In Iowa, why not Rubio?
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We now know the loser of Fox News Channel's Republican debate in Des Moines, Iowa: Donald Trump, beaten by Fox News Channel's star host, Megyn Kelly.

With hours to go before the non-secret-ballot Iowa caucuses, the 2016 Republican presidential field has basically narrowed down to three men: polling leader Donald Trump, Texas Sen. Ted CruzRafael (Ted) Edward CruzPoll: Cruz leads O'Rourke by 7 points Freedom Caucus bruised but unbowed in GOP primary fights Five races to watch in the Texas runoffs MORE and Florida Sen. Marco RubioMarco Antonio RubioRepublicans think Trump is losing trade war The Hill's 12:30 Report — Sponsored by Delta Air Lines — Trump meets South Korean leader as questions linger about summit with North Senators demand answers on Trump’s ZTE deal MORE. When the GOP debate occurs, we will not see a take-no-prisoners battle between Trump and Cruz in living color. Trump has chickened out and says he won't show up in Des Moines, mainly because Fox News won't remove Kelly as moderator.

Kelly had the effrontery to ask Trump a tough question in the first debate last August about how Trump expects to do well with women when he calls some "pigs" and questions their looks.

No face-to-face war between Trump and Cruz will occur in these last few days before Iowa expresses its choice Monday night. Benefiting the most from the viciousness that Trump and Cruz have shown in recent days is the man who will walk away from the debate head high: Rubio. His debate skills have won, or almost won, every debate so far in the campaign. His quality campaigning has risen far above that of Trump and Cruz. Rubio is affable and likable. Few would be embarrassed by his being president, as many are with the idea of President TrumpDonald John TrumpCNN's Zucker: Trump 'secretly watching CNN' all day and night GOP candidate behind 'Deportation Bus' loses in gubernatorial bid Penn to Hewitt: Mueller probe born out of ‘hysteria’ MORE.

Running on the Fox News Channel, for example, is a positive advertisement for Rubio by the sister of Border Patrol Agent Brian Terry, an agent who died on the border. He was killed, we think, by a weapon the Obama administration gifted the Mexican drug cartels. The ad is devastating to wannabe GOP nominees not named Rubio because it raises him above the fray and lays out an issue for November.

The best recommendation for Rubio's candidacy is that former Florida Gov. Jeb Bush and Ted Cruz have spent over $20 million on anti-Rubio television ads. Both criticize Rubio's 2013 immigration reform efforts even as they both supported the legalization of millions here illegally. Cruz specifically offered an amendment to the 2013 bill that would have legalized 11 million people.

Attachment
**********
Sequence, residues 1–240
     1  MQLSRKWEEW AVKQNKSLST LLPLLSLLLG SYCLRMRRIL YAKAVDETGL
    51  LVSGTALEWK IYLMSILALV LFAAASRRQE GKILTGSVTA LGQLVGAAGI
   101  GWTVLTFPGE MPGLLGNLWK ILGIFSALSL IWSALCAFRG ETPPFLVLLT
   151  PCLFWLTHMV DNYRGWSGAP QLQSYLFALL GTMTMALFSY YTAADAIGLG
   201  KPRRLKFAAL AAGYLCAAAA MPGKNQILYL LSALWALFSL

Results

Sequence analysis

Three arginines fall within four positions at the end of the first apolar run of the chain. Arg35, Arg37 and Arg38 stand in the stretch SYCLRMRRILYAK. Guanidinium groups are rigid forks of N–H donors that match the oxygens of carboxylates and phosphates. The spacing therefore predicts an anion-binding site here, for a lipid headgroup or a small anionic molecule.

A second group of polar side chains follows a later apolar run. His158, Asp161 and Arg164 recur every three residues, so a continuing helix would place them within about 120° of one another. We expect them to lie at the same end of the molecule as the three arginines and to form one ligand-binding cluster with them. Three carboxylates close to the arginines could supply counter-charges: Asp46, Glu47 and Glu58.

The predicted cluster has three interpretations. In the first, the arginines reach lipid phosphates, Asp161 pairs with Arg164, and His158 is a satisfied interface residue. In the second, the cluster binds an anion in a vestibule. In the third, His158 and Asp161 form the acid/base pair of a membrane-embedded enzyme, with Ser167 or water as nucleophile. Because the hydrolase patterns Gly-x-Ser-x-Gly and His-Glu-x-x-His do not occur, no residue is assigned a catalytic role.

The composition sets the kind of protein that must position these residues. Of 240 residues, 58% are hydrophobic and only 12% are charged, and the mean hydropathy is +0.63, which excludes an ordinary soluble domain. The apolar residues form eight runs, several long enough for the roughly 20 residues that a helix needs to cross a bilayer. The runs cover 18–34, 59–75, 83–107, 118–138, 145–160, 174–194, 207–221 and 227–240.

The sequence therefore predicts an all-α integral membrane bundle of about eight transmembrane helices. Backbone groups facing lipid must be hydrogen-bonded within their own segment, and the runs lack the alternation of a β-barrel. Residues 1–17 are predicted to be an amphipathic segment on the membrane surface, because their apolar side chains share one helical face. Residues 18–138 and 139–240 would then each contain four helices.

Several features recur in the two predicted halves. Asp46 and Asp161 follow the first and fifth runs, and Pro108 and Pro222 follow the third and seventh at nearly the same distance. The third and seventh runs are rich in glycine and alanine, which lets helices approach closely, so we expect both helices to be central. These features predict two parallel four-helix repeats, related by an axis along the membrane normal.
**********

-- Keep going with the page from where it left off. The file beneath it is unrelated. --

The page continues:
Adding to his better television advertising, when compared to Trump and Cruz, is one for Rubio that quotes prominent Democrats and how much they fear him in the general election match up.

Now comes Iowa's two most important newspapers, The Des Moines Register and the Sioux City Journal, with their endorsements of Rubio. Conservative critics will note that the Register usually endorses the "establishment" candidate, like Sen. John McCain (R-Ariz.) in 2008, former Massachusetts Gov. Mitt Romney in 2012 and that McCain and Romney both lost the caucuses. Few expect Rubio to win over Trump and Cruz in Iowa, but a better-than-expected showing would validate the thinking of many Republicans that Rubio is the one to take on and defeat Hillary Clinton or any Democrat in November.

In the general election, for example, the very issue that haunts Rubio in the primary — his work on comprehensive immigration reform that passed the Senate with 68 bipartisan votes — will add to his vote. Even now, he would benefit by declaring that contrary to his opponents, he actually tried to do something real to solve the problem. He should also point out that only former House Speaker John Boehner's (R-Ohio) political cowardice kept that reform from becoming law. It would have passed if Boehner had allowed a vote. It would have passed easily, with or without amendments.

Nonetheless — and he should use this — his opponents did little or nothing to tackle and solve the illegal migrant problem. Showing up Trump, Rubio actually put together a "deal" to solve the problem; there is nothing like that from Trump. Rubio's opponents allowed the problem to grow. Rubio tried to do something; they did nothing. Nothing happened. There are still 11 million illegally present people in the United States.

Will the debate without Trump emotionally and/or politically affect a multimillion person audience that might otherwise be figuratively covered by the blood of Trump and Cruz? It should; Trump's petulance reveals much about him. Too bad for him. Rubio will dominate the debate, taking many Iowans with him. He would have if Trump had shown up anyway.

If that happens, one can see how the independents of New Hampshire, who have decided more than one Republican primary contest, take notice and cast their votes for Rubio one week after Iowa.

Rubio's Iowa and New Hampshire votes look to be substantial enough to run a solid third, not far behind Cruz. Can Rubio win the Republican nomination with solid votes in Iowa and New Hampshire? He can if the candidates who leave Iowa and New Hampshire with less votes than Rubio quit the race and endorse him. None of them have any reason to support Trump or Cruz. If we and they want to beat Clinton, Rubio is the man.

Twenty million dollars in attacks thrown at Rubio is a plus, not a minus. Ask those losing to him; ask those afraid of him; ask the candidate from Goldman-Sachs: Hillary Clinton.

Contreras formerly wrote for the New American News Service of The New York Times Syndicate.